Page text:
Dad wanted to be cremated, so Mom honored his wishes. I did get to see him one last time; he sure looked like he was asleep (or faking it), waiting for his grandies to come in and wake him up with a zillion kisses. But he felt so wrong. Dad was full of life, warm and caring, soft and squishy (sorry, Dad; you know it's true). This looked like Dad, but it was painfully obvious that Dad was no longer there. The Crystal Bald should not feel like an ice pack, and yet it did. There was no give when I touched his chest. Hard and stiff...this was just a house.

I am still struggling to understand a world without Dad. I miss him so much. Both Oldest and I hit big birthdays next month, and the thought of Dad not being there is heart-wrenching.

Sis, BIL, and their kids are wrapping up their work overseas in Romania, preparing to come home to the States for at least the next year. They arrive back in the States on Tuesday.

Because of the complexities of overseas travel and wanting Sis and her family to not have to jump from jetlag to a memorial service, Dad's service won't be until July 6. That's going to be a very tough day, for more reasons that just that it will be chock-full of remembering Dad and lots and lots and lots of tears. However, I can say this: Mom is planning the kind of service I know Dad would have wanted. It won't be short, but it will be a fitting tribute to the best man I've ever know.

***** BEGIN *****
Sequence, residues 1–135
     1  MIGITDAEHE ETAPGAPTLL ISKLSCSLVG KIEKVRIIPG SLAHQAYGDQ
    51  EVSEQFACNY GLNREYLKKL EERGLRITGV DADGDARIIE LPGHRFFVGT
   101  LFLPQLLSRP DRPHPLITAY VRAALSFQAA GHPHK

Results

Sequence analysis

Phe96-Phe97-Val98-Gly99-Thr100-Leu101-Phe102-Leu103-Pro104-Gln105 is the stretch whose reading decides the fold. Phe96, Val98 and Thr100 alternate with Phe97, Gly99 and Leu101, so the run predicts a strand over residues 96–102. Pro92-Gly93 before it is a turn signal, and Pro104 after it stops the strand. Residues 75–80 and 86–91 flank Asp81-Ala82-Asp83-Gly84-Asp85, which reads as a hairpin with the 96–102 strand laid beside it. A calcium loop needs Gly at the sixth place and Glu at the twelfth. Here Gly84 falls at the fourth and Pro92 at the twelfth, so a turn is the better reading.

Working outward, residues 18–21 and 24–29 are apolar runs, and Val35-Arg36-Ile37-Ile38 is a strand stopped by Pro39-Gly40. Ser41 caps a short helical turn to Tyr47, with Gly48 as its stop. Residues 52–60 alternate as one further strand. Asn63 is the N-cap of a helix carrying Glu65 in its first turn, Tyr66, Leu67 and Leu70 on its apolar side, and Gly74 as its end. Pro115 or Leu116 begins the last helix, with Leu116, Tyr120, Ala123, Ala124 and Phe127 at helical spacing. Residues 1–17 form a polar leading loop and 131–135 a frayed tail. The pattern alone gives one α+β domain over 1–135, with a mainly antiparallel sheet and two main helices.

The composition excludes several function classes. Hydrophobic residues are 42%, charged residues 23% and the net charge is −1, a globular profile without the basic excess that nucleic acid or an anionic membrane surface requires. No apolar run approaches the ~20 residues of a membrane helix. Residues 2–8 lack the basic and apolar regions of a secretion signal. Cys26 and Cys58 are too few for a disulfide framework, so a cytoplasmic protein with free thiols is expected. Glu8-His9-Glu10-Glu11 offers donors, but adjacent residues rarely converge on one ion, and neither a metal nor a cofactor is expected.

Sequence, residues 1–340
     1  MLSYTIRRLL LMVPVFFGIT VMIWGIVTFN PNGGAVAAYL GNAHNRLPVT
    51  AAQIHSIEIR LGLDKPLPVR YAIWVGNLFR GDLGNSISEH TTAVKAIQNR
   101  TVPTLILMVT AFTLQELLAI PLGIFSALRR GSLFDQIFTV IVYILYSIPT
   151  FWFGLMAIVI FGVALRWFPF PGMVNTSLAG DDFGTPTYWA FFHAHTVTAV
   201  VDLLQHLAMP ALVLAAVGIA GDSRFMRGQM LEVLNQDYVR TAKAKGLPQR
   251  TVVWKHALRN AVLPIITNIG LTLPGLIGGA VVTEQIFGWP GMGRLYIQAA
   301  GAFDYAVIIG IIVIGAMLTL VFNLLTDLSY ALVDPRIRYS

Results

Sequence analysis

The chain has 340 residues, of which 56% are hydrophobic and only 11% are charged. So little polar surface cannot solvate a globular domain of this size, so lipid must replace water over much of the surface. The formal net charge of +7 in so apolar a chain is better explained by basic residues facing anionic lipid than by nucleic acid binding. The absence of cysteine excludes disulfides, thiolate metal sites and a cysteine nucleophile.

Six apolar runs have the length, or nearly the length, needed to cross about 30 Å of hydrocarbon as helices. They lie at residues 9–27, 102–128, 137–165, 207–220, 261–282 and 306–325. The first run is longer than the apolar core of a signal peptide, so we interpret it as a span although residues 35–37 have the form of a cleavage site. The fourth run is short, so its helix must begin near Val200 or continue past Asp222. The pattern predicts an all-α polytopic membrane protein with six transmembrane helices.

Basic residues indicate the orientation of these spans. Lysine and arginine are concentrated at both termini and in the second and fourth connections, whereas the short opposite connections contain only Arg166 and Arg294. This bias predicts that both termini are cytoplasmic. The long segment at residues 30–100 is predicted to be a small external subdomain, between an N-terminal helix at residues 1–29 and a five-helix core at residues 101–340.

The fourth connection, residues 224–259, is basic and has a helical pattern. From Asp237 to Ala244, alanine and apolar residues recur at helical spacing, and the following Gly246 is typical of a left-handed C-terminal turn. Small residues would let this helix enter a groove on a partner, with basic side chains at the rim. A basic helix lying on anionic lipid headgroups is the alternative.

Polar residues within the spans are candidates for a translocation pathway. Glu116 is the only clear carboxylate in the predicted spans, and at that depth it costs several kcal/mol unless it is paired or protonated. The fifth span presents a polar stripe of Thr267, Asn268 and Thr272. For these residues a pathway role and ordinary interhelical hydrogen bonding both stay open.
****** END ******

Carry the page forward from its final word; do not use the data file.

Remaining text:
Best. Dad. Ever.

Saturday, May 2, 2015

I can't make this stuff up!

"Mommy, there's something wrong with my nose."

I looked up at Oldest. "What do you mean?"

"There's something weird happening when I blow my nose." She paused for a moment, and then announced with certainty, "I think it's a curse or something."

Oh boy.

"What's happening?"

"When I blow my nose, it...there's... A bubble comes out when I try to blow my nose."

"That's called a snot bubble. It happens. It's not a curse."

"Oh. Okay." With that, Oldest skipped out of the room.

Where do they come up with this stuff?

Saturday, April 25, 2015

Mother's Day Brunch

Due to our church's schedule of other events, the annual Mother's Day Brunch was held this morning.

Despite my last-minute invite and my mom still recovering from foot surgery, she was able to come. (Dad and Hubby went to brunch together and then out to whack some golf balls.)

The ladies in charge of today's event did a great job, and Middle was surprised to see men there, because Daddy had told her that men weren't allowed, and that's why he and Poppa weren't going.

I explained that the men in question had done all of the cooking for us ladies. "Men cook?" Middle asked, agog.